This session benefited from the perspectives and expertise of:

  • Gerard Quinn, United Nations Special Rapporteur on the Rights of Persons with Disabilities (PWDs), professor emeritus in law at the National University of Ireland (Galway)
  • Frederic Schroeder, President, World Blind Union, Board member, IDA
  • Laura Ruby, Director, Worldwide Accessibility Policy and Standards Regulatory Affairs, Microsoft Corporation
  • Michael Stein, co-founder and Executive Director of the Harvard Law School Project on Disability, and a Visiting Professor at Harvard Law School
  • James Thurston, Vice President, Global Strategy and Development, G3ict

In Article 13, the United Nations (UN) Convention on the Rights of Persons with Disabilities (CRPD) requires that States Parties ensure effective access to justice for persons with disabilities on an equal basis with others. Meanwhile, courts and justice systems worldwide are undergoing digital transformation. While these technology investments can help courts and justice systems cut costs and increase efficiencies, it is not clear that their technology roadmaps include a commitment to ensuring access to justice by people with disabilities. Without this commitment, justice systems currently risk leaving people with disabilities behind and creating new obstacles to participation. When justice systems invest in digital technologies that are accessible, and leverage new and emerging technology in innovative ways, they can both meet their transformation goals and increase access to justice for all people.

The Legal Imperative
The recently published advanced edited version of the UN Office of the Hig
Commissioner for Human Rights (OHCHR) Report (A/HRC/37/25) on the Right to Access to Justice under Article 13 of the CRPD clearly lays out the legal basis for access to justice. The report details how persons with disabilities today continue to face significant obstacles to accessing justice and underlines the CRPD principle that “equal and effective participation at all stages of and within every role within the justice system” is core to access to justice.

The CRPD, ratified by over 170 countries, is the first international human rights treaty to make explicit the right to access to justice. It defines what access means for persons with disabilities, including by specifying tools to overcome barriers. It makes clear that the administration of justice is fundamental both to governance and citizenship. Under the CRPD, persons with disabilities must be able to effectively participate, directly or indirectly, in all legal proceedings, including at the investigative and other preliminary stages, and in all possible roles, for example as a claimant, defendant, witness, qualified expert, juror, judge or lawyer. Article 9 (2)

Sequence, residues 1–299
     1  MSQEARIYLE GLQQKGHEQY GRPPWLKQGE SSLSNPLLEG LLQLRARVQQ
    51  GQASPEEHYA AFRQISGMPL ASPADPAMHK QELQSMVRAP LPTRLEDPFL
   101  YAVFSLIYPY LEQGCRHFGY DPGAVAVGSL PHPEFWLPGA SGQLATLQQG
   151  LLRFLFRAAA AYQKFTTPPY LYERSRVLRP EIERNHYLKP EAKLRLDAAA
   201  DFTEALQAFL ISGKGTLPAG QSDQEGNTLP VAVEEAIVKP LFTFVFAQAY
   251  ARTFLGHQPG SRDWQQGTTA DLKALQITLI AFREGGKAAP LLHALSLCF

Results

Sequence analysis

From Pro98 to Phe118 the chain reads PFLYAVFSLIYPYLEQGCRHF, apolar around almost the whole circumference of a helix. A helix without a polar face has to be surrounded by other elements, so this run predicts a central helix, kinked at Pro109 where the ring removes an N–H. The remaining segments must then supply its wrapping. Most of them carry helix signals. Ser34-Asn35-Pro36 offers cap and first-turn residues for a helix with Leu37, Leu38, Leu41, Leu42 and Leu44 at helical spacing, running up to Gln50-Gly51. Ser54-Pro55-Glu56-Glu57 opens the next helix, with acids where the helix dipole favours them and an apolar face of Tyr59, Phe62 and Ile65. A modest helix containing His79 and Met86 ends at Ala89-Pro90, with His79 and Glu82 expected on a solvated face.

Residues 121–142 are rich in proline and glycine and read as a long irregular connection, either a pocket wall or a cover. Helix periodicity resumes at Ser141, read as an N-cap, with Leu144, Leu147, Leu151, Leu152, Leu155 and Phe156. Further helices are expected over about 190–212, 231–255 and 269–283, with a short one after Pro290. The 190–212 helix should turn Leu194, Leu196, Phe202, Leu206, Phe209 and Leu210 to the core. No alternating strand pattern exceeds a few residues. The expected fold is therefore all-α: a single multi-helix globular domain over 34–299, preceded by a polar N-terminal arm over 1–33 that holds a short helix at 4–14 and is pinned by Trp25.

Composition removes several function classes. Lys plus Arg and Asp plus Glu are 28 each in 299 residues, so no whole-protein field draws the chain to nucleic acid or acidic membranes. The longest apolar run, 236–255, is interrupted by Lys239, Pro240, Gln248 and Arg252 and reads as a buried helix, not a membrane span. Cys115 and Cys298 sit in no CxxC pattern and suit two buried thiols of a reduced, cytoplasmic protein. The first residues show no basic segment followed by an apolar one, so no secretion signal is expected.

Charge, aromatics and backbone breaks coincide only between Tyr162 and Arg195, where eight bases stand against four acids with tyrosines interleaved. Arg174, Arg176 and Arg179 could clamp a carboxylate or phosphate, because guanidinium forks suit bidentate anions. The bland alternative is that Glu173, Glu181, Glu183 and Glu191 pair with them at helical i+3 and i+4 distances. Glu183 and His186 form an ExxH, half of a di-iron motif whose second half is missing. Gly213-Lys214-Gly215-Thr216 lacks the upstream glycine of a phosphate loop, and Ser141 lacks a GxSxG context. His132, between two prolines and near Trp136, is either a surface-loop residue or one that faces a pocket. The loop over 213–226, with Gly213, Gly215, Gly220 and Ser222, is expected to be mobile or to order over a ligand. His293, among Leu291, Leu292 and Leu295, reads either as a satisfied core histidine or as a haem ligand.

(h) of the CRPD calls on States Parties to promote accessible legal information to persons with disabilities and to society at large by using a full and varied range of formats and modes of communication. It also notes that new technologies can help to achieve that objective.

Persons with disabilities continue to face restrictions to their participation in various capacities in legal proceedings, for example as judges, prosecutors, witnesses or jurors. The OHCHR report states that access to justice is often denied to persons with disabilities due to a lack of accessibility and access to information. This applies to both criminal proceedings and civil matters. These obstacles result in persons with disabilities being denied of their legal standing and due process guarantees. The OHCHR confirms that effective access to information and communication could enable persons with disabilities to both know and defend their rights and, importantly, that accessible Information and Communication Technologies (ICT) can contribute to improving access to justice.

G3ict emphatically agrees with the OHCHR report’s assertion that the use of
existing accessible ICTs can contribute to improving access to justice worldwide and there is a significant role for new and emerging technologies to act as tools for promoting access to justice for people with disabilities.

A Global Digital Transformation
The majority of court systems worldwide are still paper-based, but that is changing. According to a study by the American Bar Association (ABA), 55% of trial lawyers in the United States use technology in the courtroom, including 33% to access evidence and key documents. That is up from 28% in 2014. The same ABA study shows that in the United States in 2017, 22% of courtrooms provided touch screens, compared to 16% just the previous year. Audio hardware provided or supported in courtrooms also showed an increase.

In Brazil, the State Court of Justice of Sao Paulo, implemented a comprehensive technology plan to modernize the court to make it more efficient, including by requiring all justice processes be conducted and stored digitally. Attorneys can conduct simple court services from their own technology devices (for example, smartphones, tablets, and laptops) and judges, attorneys, and citizens can access case information remotely. Moreover, the entire population can track their cases via their own smartphones. Before moving to a digital platform in 2017, justice systems
in the United Kingdom generated a million pages of documents a day or 365 million pages a year. Digitizing its processes by using technology and the cloud enabled justices to work remotely and staff to manage growing caseloads more efficiently. Mainstream digital transformations of courts and justice systems like this are taking place in many geographies around the world.